The Aeduan cavalry herded the human plunder into the auxiliary camp which was somewhat removed from the Roman camp. Road-weary Aeduan spearmen waited there, a mass of mustachioed warriors with eyes that gleamed wickedly from beneath dingy conical helmets. Before the night was out, the Belgic women unfortunate enough to have round hips would wish they had been massacred with the others. One of the women, seeing these salivating devils, screamed and tried to break out of the line, but a crack of the lash left a long red mark on her pale buttocks prompting her to rejoin the procession. Soon, she and the others had disappeared amongst the mass of Aedui tents.
“There’s a bog nearby,” Jovinus said, sniffing the air. “Or I’m Juno’s bastard.”
“Aye,” Lucius replied. “Very likely.”
“They say the druids of these parts dwell in bogs, where they craft spells to talk to the dead. I tell you, Lucius, a curse is upon this land.”
“After today, I’m liable to put a few curses on it myself.”
Jovinus did not smile. His face was solemn as he stared out at the distant tree line. “That wood is a dark place – an evil place. It has the eyes of spirits. They watch us now as they watched us all day. They see our blood-stained boots march by, and they do not approve.”
Lucius said nothing. He did not wish to discuss the subject, but Jovinus was determined.
“Did you feel it, Lucius, as I did?” Jovinus said desperately. “Never has such a despair come over me than on this day’s march. It was as if the land, the trees, the sky looked on us accusingly, all demanding a reckoning for what we have done. Tell me you felt it, too!”
“Shut your mouth, Jovinus!” snapped a stentorian voice. “You’ve been mewling about that all day.”
Both legionaries looked up at a broad-shouldered figure standing on the berm above the pond, vine branch in hand.
“Yes, Centurion Vitalis,” Jovinus replied.
Centurion Vitalis struck a fine form of Roman soldiery as he gazed down on the two legionaries. One could hardly envision Achilles himself looking any finer. While the rest of the century had stripped to their tunics, Vitalis wore full armor and cross-plumed helmet. He was seldom seen without either. Even now, after marching as far as any man in the century, he looked resplendent enough to turn out for a triumph. He always did.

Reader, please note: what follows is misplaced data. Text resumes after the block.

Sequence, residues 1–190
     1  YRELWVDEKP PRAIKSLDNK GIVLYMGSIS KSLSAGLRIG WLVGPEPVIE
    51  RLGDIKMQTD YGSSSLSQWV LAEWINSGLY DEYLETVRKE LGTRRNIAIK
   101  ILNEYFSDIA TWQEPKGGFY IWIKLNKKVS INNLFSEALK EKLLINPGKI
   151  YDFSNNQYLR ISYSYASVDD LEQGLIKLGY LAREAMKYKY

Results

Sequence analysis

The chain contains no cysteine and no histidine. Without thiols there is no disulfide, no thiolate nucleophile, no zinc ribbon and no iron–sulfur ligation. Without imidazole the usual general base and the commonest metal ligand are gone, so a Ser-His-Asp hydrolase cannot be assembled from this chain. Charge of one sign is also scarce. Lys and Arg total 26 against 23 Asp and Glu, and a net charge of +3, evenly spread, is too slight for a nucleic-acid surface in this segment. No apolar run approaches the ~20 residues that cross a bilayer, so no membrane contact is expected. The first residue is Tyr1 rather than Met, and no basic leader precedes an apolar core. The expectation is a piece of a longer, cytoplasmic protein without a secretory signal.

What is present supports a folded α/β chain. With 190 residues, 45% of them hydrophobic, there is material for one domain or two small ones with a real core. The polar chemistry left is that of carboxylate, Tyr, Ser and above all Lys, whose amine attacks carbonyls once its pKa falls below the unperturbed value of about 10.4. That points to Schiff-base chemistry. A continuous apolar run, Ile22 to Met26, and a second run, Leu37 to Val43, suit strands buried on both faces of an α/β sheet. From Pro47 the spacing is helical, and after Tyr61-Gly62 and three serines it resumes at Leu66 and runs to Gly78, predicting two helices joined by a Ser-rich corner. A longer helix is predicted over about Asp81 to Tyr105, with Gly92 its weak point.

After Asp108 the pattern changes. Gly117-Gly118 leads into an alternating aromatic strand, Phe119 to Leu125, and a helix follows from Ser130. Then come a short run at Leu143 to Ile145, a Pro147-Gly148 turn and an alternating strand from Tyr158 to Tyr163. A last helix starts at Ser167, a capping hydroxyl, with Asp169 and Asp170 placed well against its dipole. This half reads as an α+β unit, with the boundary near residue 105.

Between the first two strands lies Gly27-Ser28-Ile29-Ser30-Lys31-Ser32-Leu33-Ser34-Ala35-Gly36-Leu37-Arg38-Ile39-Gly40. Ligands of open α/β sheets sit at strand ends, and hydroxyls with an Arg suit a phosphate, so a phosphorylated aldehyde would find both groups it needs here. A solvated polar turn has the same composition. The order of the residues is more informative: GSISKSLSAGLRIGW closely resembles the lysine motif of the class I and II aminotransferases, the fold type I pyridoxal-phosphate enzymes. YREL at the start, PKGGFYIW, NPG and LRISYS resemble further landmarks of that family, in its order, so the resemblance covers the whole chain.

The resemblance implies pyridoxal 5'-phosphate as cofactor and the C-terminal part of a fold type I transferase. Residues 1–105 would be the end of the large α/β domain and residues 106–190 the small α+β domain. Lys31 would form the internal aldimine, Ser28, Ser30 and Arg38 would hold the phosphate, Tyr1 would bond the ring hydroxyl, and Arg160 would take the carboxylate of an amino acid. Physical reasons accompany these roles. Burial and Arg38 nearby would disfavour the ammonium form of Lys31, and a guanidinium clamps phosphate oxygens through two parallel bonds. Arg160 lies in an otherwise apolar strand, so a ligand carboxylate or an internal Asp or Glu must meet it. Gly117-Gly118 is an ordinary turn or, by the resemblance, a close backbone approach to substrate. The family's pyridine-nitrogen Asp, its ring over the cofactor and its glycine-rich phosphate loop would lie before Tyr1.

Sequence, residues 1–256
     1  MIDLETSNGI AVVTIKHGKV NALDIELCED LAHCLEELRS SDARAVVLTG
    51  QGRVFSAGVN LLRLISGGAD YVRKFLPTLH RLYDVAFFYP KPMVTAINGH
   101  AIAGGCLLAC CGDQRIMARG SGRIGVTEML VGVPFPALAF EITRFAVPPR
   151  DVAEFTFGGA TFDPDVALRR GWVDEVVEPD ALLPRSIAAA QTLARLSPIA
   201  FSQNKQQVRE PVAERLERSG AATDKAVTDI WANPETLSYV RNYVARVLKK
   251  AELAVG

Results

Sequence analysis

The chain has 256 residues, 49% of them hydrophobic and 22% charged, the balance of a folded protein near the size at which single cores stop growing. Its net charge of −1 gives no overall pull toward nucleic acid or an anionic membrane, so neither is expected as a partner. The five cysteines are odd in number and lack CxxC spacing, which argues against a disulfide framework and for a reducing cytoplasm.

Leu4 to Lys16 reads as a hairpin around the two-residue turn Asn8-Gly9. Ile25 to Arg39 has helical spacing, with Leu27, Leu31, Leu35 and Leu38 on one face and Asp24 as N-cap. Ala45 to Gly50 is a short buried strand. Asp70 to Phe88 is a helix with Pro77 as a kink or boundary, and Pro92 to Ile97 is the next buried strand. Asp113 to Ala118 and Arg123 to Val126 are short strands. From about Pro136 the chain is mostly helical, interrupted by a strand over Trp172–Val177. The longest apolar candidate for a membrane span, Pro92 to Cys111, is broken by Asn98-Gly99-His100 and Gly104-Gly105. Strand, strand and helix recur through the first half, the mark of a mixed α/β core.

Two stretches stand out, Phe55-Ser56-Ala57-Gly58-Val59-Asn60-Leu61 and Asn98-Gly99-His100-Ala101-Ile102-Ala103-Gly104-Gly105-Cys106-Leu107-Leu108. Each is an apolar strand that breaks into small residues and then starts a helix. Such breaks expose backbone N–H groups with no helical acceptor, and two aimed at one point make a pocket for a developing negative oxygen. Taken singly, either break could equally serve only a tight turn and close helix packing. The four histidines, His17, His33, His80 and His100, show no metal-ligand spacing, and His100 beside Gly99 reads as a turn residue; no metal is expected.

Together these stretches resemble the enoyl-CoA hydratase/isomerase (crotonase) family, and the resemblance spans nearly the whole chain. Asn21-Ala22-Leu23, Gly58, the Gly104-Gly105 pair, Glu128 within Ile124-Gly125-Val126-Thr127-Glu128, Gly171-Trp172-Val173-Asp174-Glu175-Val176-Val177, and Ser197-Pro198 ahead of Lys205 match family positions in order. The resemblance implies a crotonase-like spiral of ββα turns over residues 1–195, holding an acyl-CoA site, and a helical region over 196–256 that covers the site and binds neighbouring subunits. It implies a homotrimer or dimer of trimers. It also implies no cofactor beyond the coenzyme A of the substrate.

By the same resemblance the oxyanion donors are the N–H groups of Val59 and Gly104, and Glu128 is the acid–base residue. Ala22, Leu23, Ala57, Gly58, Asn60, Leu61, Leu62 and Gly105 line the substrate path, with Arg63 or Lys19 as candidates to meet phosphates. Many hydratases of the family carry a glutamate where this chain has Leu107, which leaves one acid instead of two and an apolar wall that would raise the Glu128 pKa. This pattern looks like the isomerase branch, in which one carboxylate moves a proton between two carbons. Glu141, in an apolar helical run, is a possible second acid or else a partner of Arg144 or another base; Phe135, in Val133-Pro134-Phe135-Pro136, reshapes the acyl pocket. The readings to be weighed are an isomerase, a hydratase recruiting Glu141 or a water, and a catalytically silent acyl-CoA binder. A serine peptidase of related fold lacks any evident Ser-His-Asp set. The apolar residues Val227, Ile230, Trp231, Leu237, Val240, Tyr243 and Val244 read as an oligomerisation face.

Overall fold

“I’ve had about enough of you on this march,” Vitalis said angrily as he descended to approach the two legionaries. “And you, Lucius. I’ve told you before not to encourage this old woman. You especially need to be on your best behavior now, as I’m sure you are well aware.”
Lucius looked up at Vitalis and gave a small smile. “Yes, Centurion.”
Vitalis shook his head hopelessly as he met Lucius’s gaze, fully comprehending the tone of the reply. The overt display of discipline was for the sake of the rank and file, and all three men knew it. Vitalis’s face then softened slightly at the ridiculousness of the charade.
“You two are my veterans,” he said in a hushed tone that the other men could not hear. “Look around you, for Jupiter’s sake. These boys draw courage from your example – or get dispirited by it. Jovinus, you are my signifer. I can’t have you spouting your superstitious drivel in front of these men. And Lucius, after that stunt you pulled yesterday. Veteran or not, you are fortunate not to be drawn up for a lashing.”
“We did an evil deed yesterday, sir,” Jovinus said, ignoring the comment about Lucius. “The three of us have been veterans long enough to know that.”
Vitalis looked at him irritably. “You have done the bidding of the proconsul, and the bidding of Rome. You need know nothing more.”
“There will be a reckoning, sir,” Jovinus said warily.
“It’s not yours to wonder of the reckoning, Jovinus.” The centurion snapped, but then seemed to reconsider his words. He smiled and slapped the signifer on the shoulder. “For Jupiter’s sake, man, you know how they are. The only good Belgae’s a dead one. You are a soldier, and you carried out your orders. Nothing more.”
“There was little soldiering in what we did,” Lucius said, “pardon my saying so, sir.”
“No, I do not pardon it, Lucius!” Vitalis snapped. “You will carry this too far!”
“I saw those babies scream, sir,” Jovinus said, gazing into the rippling pond. “Saw those Gaul bastards bash their little skulls against the wall. Saw some of our boys were doing it, too, sir. Some laughing, some enjoying it. I’ll admit I slit the throat of many a Belgic whore, but killing babies – I’ll never do that.”
Vitalis sighed, glancing around to see if the other soldiers were eavesdropping.
“It was strange,” Jovinus continued, chuckling, “but I kept seeing the face of my little boy back home. He’d be in his fourth year now. Abo ...